Getting onto the career ladder: Tips for A-Level/Uni Students
This is a presentation I gave to students at my former college (Runshaw) on my path through A-Levels, university and the skills/experiences needed to secure a graduate job.
The presentation by itself won’t make too much sense – I’ve expanded on the information provided with the notes below.
3. The Long Term View
I was asked to come and give a presentation on internships, but hopefully I can fit in the wider picture of WHY you need the internship in the first place. I also wanted to give a little more information on internships within startup and SME companies around the UK.
4. Stand out from the crowd?
The 2.1 is almost irrelevant. Without work experience and extracurricular activities, you WON’T be looked at. I have lots of friends with 1st class degrees who are now looking for a little experience – it’s really hard unless you’ve done something extra WHILST at university.
Consider: Joining a sports team; careers society; student union; academic club; dance group; acting society; doing DofE; volunteering to get noticed and (incidentally) add points to your CV.
If anything, I’d say your degree should take up no more than 1/3 of your time (though you should still be aiming for your 2.1/1st class!). The other 2/3 should be focused on extracurricular activities (societies, newspaper, volunteering) and socialising. The reason is, most graduate jobs aren’t limited by degree title – you can become a financial analyst with a history degree, lawyer with an English degree etc. Employers are looking for a minimum level of academic achievement, but far more important are the soft skills you have, and the opportunities you’ve taken whilst at university to go above and beyond the level of other students.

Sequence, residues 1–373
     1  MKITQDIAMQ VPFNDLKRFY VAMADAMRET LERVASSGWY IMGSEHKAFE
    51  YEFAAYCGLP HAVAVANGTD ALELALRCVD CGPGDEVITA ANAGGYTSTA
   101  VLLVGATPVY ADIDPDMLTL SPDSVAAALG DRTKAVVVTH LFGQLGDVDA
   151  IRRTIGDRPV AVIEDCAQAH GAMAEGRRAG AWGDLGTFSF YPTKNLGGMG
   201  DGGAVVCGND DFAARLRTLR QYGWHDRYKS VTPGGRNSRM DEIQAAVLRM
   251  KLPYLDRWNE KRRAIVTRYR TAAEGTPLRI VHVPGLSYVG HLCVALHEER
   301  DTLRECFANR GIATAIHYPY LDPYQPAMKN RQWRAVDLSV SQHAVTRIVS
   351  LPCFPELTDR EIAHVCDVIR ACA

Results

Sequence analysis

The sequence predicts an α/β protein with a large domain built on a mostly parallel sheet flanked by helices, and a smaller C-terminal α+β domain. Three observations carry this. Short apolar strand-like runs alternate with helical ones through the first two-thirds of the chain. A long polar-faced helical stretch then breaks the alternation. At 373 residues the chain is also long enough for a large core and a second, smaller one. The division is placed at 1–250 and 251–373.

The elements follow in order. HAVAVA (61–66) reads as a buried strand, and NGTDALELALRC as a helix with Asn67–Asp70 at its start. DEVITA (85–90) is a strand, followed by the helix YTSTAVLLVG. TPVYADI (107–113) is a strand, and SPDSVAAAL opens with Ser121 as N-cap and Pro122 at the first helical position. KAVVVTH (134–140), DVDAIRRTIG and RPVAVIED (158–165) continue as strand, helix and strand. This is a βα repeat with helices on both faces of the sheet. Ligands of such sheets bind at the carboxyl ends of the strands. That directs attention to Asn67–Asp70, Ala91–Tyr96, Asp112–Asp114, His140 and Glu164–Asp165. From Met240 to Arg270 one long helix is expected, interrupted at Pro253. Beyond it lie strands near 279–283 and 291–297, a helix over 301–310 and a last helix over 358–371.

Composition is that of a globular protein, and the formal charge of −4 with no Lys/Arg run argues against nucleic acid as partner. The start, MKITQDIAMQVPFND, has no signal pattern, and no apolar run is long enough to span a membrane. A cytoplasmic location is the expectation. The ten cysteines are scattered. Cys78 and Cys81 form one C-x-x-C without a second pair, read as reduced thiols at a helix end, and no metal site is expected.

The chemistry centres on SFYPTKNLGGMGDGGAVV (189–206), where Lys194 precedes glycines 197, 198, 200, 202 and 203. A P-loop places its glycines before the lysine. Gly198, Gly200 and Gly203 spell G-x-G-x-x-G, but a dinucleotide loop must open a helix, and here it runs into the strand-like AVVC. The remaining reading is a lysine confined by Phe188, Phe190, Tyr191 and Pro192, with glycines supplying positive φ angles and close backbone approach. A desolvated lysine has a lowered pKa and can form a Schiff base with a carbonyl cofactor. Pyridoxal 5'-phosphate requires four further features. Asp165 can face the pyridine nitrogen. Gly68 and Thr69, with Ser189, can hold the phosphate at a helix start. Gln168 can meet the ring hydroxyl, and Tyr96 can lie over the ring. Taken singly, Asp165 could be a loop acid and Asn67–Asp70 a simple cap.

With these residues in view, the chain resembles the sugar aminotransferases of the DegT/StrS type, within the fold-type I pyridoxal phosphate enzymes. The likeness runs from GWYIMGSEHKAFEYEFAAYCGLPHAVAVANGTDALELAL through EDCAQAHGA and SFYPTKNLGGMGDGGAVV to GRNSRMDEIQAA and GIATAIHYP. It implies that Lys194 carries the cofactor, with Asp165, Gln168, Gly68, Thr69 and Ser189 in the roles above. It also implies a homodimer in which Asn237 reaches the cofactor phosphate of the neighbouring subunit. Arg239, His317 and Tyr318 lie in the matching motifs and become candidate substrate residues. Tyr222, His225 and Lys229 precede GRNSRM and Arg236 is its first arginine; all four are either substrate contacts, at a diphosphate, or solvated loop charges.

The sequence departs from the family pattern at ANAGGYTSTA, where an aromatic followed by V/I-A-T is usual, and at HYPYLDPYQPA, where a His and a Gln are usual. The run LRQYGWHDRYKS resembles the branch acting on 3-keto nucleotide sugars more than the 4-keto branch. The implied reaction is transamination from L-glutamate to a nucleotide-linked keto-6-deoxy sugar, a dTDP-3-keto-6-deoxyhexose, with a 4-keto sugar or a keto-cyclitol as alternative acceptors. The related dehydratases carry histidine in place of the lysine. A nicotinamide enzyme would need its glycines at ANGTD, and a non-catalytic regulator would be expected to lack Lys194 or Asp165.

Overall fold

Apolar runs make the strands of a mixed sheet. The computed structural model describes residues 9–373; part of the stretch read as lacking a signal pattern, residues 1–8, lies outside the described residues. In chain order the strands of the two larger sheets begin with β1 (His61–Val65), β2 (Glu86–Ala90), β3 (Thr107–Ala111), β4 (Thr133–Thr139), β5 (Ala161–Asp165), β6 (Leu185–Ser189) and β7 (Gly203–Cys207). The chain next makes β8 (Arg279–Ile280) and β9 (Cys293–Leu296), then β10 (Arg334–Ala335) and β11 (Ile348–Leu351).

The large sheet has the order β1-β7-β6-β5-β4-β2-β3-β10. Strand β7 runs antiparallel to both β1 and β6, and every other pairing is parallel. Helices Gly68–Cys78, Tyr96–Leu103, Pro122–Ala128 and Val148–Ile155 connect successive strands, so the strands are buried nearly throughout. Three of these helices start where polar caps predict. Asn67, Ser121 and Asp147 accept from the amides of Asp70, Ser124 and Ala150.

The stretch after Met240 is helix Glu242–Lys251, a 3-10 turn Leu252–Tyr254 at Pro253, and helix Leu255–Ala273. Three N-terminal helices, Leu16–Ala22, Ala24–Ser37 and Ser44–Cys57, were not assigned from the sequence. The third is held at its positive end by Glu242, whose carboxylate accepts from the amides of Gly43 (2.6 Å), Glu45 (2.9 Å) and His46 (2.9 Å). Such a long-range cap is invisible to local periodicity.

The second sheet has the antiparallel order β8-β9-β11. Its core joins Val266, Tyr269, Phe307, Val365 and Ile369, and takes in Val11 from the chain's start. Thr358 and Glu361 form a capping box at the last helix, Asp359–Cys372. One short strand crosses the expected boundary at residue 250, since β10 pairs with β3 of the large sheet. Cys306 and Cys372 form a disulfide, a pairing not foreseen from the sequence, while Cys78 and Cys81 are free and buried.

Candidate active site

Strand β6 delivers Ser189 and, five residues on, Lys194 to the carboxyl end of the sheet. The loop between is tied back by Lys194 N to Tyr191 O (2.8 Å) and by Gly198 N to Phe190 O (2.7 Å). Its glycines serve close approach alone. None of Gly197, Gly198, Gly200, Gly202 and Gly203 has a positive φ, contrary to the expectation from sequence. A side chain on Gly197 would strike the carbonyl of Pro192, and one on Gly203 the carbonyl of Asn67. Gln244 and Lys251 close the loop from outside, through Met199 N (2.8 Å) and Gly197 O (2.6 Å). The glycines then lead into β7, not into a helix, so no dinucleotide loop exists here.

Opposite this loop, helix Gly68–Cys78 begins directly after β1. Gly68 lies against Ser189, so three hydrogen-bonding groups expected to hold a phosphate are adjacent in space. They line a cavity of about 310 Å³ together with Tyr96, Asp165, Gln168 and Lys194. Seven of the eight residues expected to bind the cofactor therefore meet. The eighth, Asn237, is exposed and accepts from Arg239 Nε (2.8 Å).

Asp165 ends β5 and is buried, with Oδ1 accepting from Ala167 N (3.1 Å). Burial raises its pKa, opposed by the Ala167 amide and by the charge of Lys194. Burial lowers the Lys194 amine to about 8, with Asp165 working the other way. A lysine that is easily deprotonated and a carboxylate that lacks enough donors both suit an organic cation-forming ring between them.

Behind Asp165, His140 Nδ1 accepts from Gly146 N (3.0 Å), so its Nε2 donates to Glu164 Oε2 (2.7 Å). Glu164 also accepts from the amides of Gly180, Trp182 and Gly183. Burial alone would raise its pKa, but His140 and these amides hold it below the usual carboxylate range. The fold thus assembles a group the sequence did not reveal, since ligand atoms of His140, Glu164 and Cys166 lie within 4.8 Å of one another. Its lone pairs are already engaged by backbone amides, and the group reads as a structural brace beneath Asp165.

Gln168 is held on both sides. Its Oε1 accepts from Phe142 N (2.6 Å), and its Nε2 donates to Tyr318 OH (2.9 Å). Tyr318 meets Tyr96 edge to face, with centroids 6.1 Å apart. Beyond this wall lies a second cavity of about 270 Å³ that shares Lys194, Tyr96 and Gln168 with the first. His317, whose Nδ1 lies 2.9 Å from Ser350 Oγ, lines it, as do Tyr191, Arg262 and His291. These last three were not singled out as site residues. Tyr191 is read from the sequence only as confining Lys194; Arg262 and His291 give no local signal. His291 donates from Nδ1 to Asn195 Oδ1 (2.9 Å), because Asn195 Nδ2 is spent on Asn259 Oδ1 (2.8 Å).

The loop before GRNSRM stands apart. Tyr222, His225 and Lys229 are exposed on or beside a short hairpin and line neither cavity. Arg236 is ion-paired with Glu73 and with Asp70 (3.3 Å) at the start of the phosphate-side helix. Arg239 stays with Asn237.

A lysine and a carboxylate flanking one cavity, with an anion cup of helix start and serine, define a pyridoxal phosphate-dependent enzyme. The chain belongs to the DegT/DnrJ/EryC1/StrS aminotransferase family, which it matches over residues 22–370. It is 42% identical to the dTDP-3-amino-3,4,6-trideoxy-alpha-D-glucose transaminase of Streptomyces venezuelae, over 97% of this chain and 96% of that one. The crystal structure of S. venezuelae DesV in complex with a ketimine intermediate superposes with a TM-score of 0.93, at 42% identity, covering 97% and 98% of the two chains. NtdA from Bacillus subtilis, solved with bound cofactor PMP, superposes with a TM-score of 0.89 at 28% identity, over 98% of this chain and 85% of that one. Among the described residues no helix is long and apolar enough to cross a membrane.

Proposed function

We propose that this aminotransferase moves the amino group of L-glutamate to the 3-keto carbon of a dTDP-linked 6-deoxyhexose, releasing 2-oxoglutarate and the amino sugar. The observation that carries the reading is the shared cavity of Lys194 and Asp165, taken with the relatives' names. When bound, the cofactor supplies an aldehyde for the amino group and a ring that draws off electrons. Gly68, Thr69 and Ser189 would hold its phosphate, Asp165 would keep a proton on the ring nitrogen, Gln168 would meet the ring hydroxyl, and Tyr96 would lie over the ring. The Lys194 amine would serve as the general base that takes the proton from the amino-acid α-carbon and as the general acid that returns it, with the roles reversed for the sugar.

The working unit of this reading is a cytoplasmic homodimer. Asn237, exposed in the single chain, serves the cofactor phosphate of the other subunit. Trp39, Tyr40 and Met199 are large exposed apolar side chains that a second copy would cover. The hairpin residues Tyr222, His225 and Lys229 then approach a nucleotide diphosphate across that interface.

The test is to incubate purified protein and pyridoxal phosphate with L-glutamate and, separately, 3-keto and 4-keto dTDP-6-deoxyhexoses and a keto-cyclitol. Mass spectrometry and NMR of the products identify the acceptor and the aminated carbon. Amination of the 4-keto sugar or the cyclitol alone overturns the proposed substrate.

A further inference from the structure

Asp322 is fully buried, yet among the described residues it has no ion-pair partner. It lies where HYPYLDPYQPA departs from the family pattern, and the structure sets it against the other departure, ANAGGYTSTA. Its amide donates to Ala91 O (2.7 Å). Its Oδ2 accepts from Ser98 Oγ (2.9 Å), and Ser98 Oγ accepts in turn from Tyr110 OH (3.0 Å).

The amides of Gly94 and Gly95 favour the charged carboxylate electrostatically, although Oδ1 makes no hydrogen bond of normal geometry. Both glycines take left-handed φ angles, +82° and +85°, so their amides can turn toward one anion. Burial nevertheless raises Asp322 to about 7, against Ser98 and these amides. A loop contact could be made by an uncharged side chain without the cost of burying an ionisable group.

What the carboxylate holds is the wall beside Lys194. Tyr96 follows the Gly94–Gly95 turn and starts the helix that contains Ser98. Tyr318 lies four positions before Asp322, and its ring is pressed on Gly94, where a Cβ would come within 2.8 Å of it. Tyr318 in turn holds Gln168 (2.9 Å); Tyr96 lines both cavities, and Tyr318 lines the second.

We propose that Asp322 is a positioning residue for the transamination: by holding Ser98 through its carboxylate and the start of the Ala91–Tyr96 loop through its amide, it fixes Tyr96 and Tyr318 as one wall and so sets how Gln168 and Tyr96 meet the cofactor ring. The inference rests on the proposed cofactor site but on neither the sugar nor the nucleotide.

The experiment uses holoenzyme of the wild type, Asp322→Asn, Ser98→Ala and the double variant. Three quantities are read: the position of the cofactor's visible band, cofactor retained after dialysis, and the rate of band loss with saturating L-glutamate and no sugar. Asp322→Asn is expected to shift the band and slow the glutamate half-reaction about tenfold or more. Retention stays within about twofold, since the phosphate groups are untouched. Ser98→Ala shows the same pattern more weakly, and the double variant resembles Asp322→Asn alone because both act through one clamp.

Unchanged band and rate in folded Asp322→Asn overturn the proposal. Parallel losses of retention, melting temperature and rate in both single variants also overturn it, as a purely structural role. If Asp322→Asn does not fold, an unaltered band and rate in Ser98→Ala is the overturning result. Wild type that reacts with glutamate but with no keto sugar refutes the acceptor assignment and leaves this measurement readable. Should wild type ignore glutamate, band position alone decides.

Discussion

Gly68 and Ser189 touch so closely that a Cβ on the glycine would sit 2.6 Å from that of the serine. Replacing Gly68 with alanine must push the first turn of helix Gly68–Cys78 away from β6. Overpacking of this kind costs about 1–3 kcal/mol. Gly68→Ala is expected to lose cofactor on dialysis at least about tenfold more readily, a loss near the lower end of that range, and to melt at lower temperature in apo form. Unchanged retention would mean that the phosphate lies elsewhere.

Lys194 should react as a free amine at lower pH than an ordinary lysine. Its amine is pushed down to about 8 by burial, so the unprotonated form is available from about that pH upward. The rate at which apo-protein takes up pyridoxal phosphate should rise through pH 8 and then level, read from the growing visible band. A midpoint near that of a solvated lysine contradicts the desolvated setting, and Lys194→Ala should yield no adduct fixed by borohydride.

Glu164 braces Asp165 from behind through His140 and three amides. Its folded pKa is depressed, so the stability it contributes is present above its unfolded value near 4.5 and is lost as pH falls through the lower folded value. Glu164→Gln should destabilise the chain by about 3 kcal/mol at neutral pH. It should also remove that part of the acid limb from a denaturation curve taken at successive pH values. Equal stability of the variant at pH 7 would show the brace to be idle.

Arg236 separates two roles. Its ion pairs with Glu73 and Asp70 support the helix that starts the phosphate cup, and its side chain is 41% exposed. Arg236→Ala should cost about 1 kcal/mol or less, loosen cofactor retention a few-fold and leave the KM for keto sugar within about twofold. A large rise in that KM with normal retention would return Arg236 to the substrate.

Join Twitter and LinkedIn, companies are using social media, but students aren’t really taking advantage of it fully. Read up on the latest internship opportunities and industry news. You should know the implications of law changes, new product launches and be able to explain them in a simple way.
5. Play the Game:
Learn the rules: How to research companies, quickly fill in application forms, prepare for and answer interview questions correctly, how to come across well in assessment centres, actually benefit from networking events.
One of the ways you can achieve this is though a careers society – Bright Futures is one of the best and offers:
- Personalised careers events
- Improving soft skills
- CV Reviews
- ‘Dinner with Industry’
6. How I did it?
– As a fresher at the University of York I had absolutely no idea what I wanted to do after university and, like most people, I didn’t care.
– I was vaguely aware of the milkround and some companies that came onto campus to present, wanted to do something involving business and technology – not economics!
– What I wanted to stress is that you can learn a lot about internships/careers with MINIMAL amounts of CONSISTENT effort. Go to an event once every few weeks, spend 10 minutes on AllAboutCareers etc per month – It all adds up.